New wristband program designed to help York County police identify mental health needs

Harper Ho
York Dispatch
York-Adams Counties National Alliance on Mental Illness staff distributing crisis intervention wristbands at York Area Regional Police Department building. Thursday May 6, 2021.

York County officials kicked off May Mental Health Awareness Month by adopting a program to use wristbands to help police better identify people with mental health concerns — and the county says it's the first of its kind in Pennsylvania.

York County's Crisis Intervention Team, in partnership with the advocacy group National Alliance on Mental Illness for York and Adams Counties, introduced the program Thursday morning at the York Area Regional Police Department building.

The purpose of the wristbands — which say CIT and are meant to be worn by police officers trained in crisis intervention and individuals with mental health conditions — is to help law enforcement quickly identify who they're dealing with, said Katherine Gruver, the team coordinator.

"It's just more of bringing that awareness — that identification — that when officers get on scene, they understand what is going on so they know how to approach it safely with that individual and themselves," Gruver said. "Our hope is that it's going to help the officer and that individual when they're engaging to have a successful crisis resolution."

A total of 5,000 wristbands were purchased through funding from community partners, said Desiree Irvin, executive director of the local NAMI chapter, which will be delivering the wristbands to other police departments and distribution sites at that include WellSpan York Hospital and UPMC.

"It helps the officer when responding to a 911 call to be able to say, 'I am working with a person here that has a mental health condition,"' Irvin said. "That person with the mental health condition also sees that CIT wristband on the officer and they know." 

"There's an instant bond that is created by seeing these bracelets," which helps de-escalate the situation, Irvin said, adding that the organization has seen positive results with officers and individuals wearing the wristbands. The program has been used in Georgia.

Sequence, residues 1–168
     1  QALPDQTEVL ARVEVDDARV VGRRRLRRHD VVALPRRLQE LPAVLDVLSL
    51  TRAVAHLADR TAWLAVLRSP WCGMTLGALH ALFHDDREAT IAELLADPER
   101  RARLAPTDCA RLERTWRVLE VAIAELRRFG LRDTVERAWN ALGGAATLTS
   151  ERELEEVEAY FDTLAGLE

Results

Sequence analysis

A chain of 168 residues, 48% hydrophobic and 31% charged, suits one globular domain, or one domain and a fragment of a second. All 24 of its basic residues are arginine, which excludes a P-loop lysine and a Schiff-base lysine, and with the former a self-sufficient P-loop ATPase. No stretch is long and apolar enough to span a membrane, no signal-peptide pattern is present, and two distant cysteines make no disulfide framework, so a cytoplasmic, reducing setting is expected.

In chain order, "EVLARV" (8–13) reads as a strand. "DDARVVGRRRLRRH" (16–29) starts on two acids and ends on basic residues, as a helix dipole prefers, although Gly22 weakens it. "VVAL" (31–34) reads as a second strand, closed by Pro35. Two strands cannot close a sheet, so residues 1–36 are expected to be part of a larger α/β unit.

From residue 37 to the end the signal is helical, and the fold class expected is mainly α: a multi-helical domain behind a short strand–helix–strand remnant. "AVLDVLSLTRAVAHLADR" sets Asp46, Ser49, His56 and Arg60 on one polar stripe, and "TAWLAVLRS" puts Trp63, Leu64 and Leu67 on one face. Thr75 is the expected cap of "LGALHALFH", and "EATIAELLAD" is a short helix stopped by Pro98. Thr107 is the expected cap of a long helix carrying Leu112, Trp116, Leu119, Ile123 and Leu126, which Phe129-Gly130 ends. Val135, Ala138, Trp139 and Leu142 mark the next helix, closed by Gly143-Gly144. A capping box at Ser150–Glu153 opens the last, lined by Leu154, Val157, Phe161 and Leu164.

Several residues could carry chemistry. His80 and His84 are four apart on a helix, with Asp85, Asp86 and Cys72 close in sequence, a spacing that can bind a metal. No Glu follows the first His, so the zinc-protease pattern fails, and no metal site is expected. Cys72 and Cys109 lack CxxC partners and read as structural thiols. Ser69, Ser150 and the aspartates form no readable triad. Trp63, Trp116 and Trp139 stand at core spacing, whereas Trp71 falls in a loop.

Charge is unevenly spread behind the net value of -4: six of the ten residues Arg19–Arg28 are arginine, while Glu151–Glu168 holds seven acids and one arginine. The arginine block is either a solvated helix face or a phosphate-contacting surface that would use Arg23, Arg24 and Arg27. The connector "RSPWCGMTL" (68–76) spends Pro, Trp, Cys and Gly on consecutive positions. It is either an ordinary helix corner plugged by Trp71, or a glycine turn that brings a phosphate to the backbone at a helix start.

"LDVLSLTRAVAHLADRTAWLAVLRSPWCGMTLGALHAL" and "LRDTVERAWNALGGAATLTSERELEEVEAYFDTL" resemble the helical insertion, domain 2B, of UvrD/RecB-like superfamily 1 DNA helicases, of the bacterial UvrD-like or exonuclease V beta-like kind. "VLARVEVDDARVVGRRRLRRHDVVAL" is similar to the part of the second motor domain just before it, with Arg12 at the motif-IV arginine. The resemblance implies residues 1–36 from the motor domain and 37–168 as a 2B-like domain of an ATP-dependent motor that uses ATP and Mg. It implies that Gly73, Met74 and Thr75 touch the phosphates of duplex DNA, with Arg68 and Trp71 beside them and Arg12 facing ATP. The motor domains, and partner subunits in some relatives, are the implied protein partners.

Spring Garden Township Police Chief George Swartz said officers don't always know they're interacting with a mental health patient when responding because a lot of times they have very little information other than somebody is being disorderly. Thursday May 6, 2021.

York County implemented its Crisis Intervention Team in 2010, and more than 250 officers and first responders have since been trained to help guide interactions between themselves and people living with mental health conditions in a crisis situation, according to a county news release. 

Police departments can invest in technology or equipment, but the training and the resources provided by York County's crisis intervention program has been an investment in personnel, said York Area Regional Police Chief Tim Damon.

"Many times, we're interacting with the same individuals experiencing the same concerns," Damon said. "Police departments are not equipped to get them the necessary resources that they need. It is not within our purview of what we do. We're not experienced in the mental health side of the business. So this is a great pilot for us. Providing these bracelets will assist the officers in identifying individuals more quickly."

Statistics show 1 in 5 people had a mental health condition before the pandemic, but that number has jumped since the COVID-19 outbreak began, Irvin said. The increase is also happening in York County, the experts say.

"We have seen an increase in our health systems and with police interacting with individuals because of the pandemic," Gruver said. She added that officials are dealing with a whole host of situations, from suicide attempts or threats to psychosis in individuals who are unable to get the medications they need.

This wristband program is an example of York County taking initiative to address mental concerns and stigmas, Gruver said. The program was constructed from collaboration between several York County departments, including police, courts and mental health care providers.

"We have been always looking at different ways of how can we improve this program, how can we help the community and help officers, so when they get on the scene, and when someone's calling for a loved one — we can understand what's going on and we know how to respond," Gruver said. "At the end of the day, we want these individuals to get help."

To get a wristband, call NAMI at 717-848-3784.